Too often the retirement super gap is pegged as an issue for women alone and I think this position misses the mark.
The retirement super gap is an issue for all Australian families. For us to make real headway to achieve equality between men and women in retirement, we need to consider how we as a country support the people who take time out of the workforce to do the important job of raising the next generation.
Our super system is built on the basic premise the more you put in the more you have to take out in when you stop working.
This is good news for those who are employed full time without career breaks, but for women predominantly, who take time out to care for children, it can have a devastating impact on the amount of money they have in retirement.
In my personal case, it was the reverse. My husband has been the primary carer for our two children. However, after 25 years of working as an ambulance officer, and having taken several career breaks to support our children and to help me lean in at work – we realised he had built up very little super.
This is a problem echoed around the dinner tables of families across Australia.
We know that it mainly impacts women, but as we break down gender stereotypes and change the ingrained views about the roles men and women play working and raising our young – we will find the retirement income gap becomes a bigger issue for men as well.
Latest figures from the Australian Bureau of Statistics (ABS) show 70 per cent of women with children under 15 are now in paid employment.
There has also been a rise in both parents working five days per week, with 21 per cent of families with children aged 0-4 years old now employed full time.
The traditional dynamics of the Australian family unit are changing. If you live in a capital city in Australia, particularly Sydney or Melbourne, two incomes are often required to support ever increasing mortgages.
This means women are now contributing more money to their super which is a good thing for retirement.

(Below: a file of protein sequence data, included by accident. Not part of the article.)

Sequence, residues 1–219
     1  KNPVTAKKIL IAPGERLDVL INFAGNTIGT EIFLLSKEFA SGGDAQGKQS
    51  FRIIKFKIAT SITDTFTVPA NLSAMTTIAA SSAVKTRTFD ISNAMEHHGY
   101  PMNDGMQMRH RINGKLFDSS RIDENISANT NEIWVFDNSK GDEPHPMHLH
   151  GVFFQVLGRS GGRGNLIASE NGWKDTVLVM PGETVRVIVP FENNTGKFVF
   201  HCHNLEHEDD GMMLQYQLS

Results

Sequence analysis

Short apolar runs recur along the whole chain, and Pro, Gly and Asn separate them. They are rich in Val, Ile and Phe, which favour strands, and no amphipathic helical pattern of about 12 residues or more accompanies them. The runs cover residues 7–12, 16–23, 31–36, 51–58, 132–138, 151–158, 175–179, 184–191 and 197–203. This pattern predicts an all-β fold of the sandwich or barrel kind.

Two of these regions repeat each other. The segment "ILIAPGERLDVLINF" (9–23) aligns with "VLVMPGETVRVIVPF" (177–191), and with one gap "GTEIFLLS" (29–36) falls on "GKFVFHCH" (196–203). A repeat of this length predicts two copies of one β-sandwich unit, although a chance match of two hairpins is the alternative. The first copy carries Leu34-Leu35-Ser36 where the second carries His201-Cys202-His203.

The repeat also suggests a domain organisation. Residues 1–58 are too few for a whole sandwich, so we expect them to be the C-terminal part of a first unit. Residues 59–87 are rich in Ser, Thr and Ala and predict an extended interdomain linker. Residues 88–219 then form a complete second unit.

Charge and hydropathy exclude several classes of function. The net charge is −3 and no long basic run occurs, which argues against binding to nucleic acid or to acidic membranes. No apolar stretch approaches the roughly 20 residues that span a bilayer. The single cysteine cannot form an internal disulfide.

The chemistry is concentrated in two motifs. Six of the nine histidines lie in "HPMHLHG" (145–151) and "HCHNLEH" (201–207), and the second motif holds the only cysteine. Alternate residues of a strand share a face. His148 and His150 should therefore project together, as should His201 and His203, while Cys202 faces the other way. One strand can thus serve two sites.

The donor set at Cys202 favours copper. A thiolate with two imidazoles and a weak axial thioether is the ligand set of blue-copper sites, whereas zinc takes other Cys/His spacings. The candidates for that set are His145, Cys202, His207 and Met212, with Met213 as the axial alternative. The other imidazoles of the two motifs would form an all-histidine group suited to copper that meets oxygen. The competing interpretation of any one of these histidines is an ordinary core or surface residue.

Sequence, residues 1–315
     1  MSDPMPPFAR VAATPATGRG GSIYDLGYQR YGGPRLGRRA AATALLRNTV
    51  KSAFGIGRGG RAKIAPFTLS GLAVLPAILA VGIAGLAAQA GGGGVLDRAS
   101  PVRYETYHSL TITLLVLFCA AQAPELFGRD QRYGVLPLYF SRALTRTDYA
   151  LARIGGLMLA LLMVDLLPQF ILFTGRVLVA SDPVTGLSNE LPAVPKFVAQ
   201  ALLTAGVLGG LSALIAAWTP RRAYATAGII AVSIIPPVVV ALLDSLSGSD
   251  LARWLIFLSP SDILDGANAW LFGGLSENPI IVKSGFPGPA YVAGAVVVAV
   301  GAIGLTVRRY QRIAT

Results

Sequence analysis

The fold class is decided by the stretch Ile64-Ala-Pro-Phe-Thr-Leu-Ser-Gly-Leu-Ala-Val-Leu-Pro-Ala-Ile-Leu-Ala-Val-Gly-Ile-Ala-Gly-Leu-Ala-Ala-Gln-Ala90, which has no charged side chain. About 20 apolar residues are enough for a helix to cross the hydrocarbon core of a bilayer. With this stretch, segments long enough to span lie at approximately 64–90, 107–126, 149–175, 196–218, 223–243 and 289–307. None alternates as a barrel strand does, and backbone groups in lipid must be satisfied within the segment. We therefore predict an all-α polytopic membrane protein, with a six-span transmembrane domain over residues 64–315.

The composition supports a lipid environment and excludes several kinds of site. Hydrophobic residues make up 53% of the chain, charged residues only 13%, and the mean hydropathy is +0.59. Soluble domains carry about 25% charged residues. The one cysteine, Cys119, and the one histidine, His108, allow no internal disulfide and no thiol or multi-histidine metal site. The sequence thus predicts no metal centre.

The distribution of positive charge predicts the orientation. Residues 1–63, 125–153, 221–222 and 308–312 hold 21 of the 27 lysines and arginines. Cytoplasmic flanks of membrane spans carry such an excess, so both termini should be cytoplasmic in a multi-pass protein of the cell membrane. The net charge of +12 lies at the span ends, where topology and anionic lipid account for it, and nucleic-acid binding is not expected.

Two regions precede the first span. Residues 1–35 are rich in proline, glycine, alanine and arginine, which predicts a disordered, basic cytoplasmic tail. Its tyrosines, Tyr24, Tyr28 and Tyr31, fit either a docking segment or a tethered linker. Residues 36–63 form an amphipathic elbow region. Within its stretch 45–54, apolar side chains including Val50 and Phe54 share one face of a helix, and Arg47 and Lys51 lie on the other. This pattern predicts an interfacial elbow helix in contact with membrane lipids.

We know that the gender retirement gap is reducing, with statistics from the ABS showing the gap is now at 28 per cent.
This is a record low, although we shouldn’t lose sight of the fact the difference between the retirement incomes of men and women is still incredibly large.
Solving the gender retirement gap will take a combined effort from government and business.
Workplace flexibility is one of the keyways to help parents stay in the workforce.
It’s a fact of life working mums and dads have a lot on their plate – the mental load is a very real thing.
Progressive companies who offer parents flexibility to help with school start times for example, retain some of their best and brightest employees who otherwise may have retreated from the workforce.
Increasing education standards, starting in school, about how our superannuation system works and the impact if making voluntary contributions to help make up for time spent out of the workforce may also be effective.
At a government level, particularly with the Retirement Income Review underway we should be working towards policies to help working parents make up the retirement super gap.
There’s no one silver bullet here and realistically solving this problem will take time – but that shouldn’t stop us from trying. My children are now older and my husband and I have combined our super so that we can grow it together.
My aspiration is for us to get to a point through awareness, education and action, where all Australians can retire with an income that enables them to live their best life after work.